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HIROSHIMA – The symbolism will be palpable when leaders of the world’s rich democracies sit down in Hiroshima, a city whose name evokes the tragedy of war, to tackle a host of challenges including Russia’s invasion of Ukraine and rising tensions in Asia.
The attention on the war in Europe comes just days after Ukrainian President Volodymyr Zelenskyy completed a whirlwind trip to meet many of the Group of Seven leaders now heading to Japan for the summit starting Friday. That tour was aimed at adding to his country’s weapons stockpile and building political support ahead of a widely anticipated counteroffensive to reclaim lands occupied by Moscow’s forces.
“Ukraine has driven this sense of common purpose” for the G-7, said Matthew P. Goodman, senior vice president for economics at the Center for Strategic and International Studies.
He said the new commitments Zelenskyy received just ahead of the summit could push members of the bloc to step up their support even further. “There’s a kind of peer pressure that develops in forums like this,” he explained.
G-7 leaders are also girding for the possibility of renewed conflict in Asia as relations with China deteriorate. They are increasingly concerned, among other things, about what they see as Beijing’s growing assertiveness, and fear that China could could try to seize Taiwan by force, sparking a wider conflict. China claims the self-governing island as its own and regularly sends ships and warplanes near it.
Japanese Prime Minister Fumio Kishida also hopes to highlight the risks of nuclear proliferation during the meeting in Hiroshima, the site of the world’s first atomic bombing.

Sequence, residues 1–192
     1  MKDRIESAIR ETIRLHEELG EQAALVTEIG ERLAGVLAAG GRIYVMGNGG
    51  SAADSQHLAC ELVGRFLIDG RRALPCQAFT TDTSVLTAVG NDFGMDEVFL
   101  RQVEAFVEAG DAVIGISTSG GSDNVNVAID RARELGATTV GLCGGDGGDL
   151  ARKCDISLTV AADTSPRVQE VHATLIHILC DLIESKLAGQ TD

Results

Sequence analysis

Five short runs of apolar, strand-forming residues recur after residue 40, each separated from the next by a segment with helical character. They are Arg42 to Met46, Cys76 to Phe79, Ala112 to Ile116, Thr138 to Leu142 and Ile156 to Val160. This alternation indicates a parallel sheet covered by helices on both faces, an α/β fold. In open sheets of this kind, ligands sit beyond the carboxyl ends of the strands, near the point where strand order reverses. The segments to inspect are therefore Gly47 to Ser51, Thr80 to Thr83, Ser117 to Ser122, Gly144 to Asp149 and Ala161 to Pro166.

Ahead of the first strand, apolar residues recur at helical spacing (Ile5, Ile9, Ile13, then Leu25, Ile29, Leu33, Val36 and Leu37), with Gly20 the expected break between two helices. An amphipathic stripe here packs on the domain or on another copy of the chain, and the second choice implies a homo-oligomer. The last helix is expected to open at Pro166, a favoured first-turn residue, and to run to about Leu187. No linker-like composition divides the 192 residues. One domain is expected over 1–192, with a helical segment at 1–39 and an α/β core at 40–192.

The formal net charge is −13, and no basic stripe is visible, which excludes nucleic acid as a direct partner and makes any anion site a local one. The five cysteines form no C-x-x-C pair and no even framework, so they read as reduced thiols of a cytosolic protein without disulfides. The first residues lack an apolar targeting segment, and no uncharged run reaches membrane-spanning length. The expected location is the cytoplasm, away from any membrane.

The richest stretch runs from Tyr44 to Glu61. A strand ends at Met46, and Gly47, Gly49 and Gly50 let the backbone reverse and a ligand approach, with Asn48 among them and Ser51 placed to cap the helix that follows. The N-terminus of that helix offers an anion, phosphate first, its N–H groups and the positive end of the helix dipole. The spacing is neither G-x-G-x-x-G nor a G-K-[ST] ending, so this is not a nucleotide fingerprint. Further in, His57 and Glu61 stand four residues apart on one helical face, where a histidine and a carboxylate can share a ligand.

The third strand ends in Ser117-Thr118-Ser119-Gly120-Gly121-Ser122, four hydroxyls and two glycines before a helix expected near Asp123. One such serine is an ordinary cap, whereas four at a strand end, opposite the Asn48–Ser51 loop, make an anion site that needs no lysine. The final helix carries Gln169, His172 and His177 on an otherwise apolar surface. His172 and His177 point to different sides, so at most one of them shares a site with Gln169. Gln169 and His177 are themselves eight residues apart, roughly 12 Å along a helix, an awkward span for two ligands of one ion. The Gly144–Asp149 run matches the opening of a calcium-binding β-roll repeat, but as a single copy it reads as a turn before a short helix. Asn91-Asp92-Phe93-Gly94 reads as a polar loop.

The prospect of another nuclear attack has been crystalized by nearby North Korea’s nuclear program and spate of recent missile tests, and Russia’s threats to use nuclear weapons in its war in Ukraine. China, meanwhile, is rapidly expanding its nuclear arsenal from an estimated 400 warheads today to 1,500 by 2035, according to Pentagon estimates.
Concerns about the strength of the global economy, rising prices and the debt limit crisis in the U.S. will be high on leaders’ minds.
G-7 finance ministers and central bank chiefs meeting ahead of the summit pledged to enforce sanctions against Russia, tackle rising inflation, bolster financial systems and help countries burdened by heavy debts.
The G-7 includes the United States, Japan, the United Kingdom, France, Germany, Canada and Italy, as well as the European Union.
That group is also lavishing more attention on the needs of the Global South — a term to describe mostly developing countries in Africa, Asia and Latin America — and has invited countries ranging from South American powerhouse Brazil to the tiny Cook Islands in the South Pacific.
By broadening the conversation beyond the world’s richest industrialized nations, the group hopes to strengthen political and economic ties while shoring up support for efforts to isolate Russia and stand up to China’s assertiveness around the world, analysts say.